Obama said he made the request to the Nuclear Regulatory Commission. He spoke after the commission's head said that it could take weeks to bring the crippled nuclear complex in northeastern Japan under control.
In brief remarks at the White House, following a trip to the Japanese Embassy to express his condolences, Obama also sought to assure the nation that the disaster currently posed no threat to the United States.
"We do not expect harmful levels of radiation to reach the West Coast, Hawaii, Alaska or the U.S. territories in the Pacific," Obama said, repeating the remark for emphasis.
Obama said that the United States "has a responsibility to learn from these events."
The president also defended the recommendation of federal nuclear safety officials of a 50-mile evacuation zone around the crippled nuclear power plan for American troops and citizens in Japan, even though it's far larger than the zone spelled out by Japanese officials.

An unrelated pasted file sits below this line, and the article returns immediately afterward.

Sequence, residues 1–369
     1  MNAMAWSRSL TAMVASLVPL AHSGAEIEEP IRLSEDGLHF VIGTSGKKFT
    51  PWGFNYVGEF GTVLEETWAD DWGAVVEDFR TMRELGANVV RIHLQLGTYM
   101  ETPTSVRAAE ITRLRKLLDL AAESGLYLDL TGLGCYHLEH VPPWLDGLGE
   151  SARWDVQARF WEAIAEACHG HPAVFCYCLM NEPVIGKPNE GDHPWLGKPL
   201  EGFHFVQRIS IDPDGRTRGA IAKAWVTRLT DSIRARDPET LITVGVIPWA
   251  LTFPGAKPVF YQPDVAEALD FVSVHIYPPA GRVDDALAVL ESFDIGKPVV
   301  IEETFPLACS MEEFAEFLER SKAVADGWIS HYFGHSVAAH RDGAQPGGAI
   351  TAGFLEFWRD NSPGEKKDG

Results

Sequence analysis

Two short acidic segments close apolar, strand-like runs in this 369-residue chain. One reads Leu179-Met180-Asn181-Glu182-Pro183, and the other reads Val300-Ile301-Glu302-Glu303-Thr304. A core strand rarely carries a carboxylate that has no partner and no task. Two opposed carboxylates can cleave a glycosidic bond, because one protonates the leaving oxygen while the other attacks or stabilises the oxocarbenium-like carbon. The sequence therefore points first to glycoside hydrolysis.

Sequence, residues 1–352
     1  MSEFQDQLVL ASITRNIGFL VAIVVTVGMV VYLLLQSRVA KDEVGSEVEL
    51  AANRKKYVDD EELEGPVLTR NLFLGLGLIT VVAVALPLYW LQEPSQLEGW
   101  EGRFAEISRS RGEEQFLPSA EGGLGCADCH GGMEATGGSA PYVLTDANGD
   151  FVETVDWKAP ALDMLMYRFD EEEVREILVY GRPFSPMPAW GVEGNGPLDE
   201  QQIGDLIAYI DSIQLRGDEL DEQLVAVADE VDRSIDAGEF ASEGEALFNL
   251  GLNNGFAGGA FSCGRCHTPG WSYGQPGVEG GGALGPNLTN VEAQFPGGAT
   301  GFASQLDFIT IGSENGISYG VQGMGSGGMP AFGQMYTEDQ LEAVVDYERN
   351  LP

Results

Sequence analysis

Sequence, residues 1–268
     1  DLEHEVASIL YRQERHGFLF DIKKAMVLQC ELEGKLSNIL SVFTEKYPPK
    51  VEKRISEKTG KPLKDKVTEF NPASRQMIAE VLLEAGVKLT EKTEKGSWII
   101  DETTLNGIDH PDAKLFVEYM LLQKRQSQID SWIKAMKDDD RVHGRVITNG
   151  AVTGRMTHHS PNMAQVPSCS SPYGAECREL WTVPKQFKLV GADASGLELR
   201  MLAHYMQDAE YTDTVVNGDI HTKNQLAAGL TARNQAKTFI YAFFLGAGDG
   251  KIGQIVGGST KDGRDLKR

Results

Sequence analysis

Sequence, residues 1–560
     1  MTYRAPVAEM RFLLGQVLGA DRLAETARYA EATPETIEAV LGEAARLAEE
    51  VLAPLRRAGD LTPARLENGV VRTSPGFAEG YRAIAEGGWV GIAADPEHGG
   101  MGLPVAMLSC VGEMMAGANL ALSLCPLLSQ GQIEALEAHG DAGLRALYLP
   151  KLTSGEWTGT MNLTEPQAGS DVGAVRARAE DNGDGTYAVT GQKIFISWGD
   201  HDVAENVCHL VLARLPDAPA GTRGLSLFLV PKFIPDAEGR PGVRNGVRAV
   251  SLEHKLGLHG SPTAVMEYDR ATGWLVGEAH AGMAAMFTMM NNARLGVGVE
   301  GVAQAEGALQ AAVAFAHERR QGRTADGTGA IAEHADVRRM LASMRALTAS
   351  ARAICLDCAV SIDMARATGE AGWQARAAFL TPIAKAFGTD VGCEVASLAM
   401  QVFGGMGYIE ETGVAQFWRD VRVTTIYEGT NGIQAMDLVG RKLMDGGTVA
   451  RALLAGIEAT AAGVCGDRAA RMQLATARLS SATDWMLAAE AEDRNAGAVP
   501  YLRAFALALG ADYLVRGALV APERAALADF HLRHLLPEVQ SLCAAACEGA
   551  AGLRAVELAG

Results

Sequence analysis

"This decision was based on a careful scientific evaluation," Obama said. "Beyond this 50-mile radius, the risks do not currently call for an evacuation."
Japanese officials have established a 12-mile evacuation zone and have said that people living between 12 and 20 miles from the plant should stay inside.
"We have seen an earthquake and tsunami render an unimaginable toll of death and destruction on one of our closest friends and allies in the world," said Obama. "And we've seen this powerful natural disaster cause even more catastrophe through its impact on nuclear reactors that bring peaceful energy to the people of Japan."
For emergency information, assistance, and locating family in connection with earthquake in Japan: http://www.facebook.com/l/6b2e3a9CLMNbUwBsOw1jOL8d5aw/www.jhelp.com
Phone numbers in US and Japan:
202 559 4683
800 373 1110
0570 000 911
011 81 90 7170 4769
011 81 90 3080 6711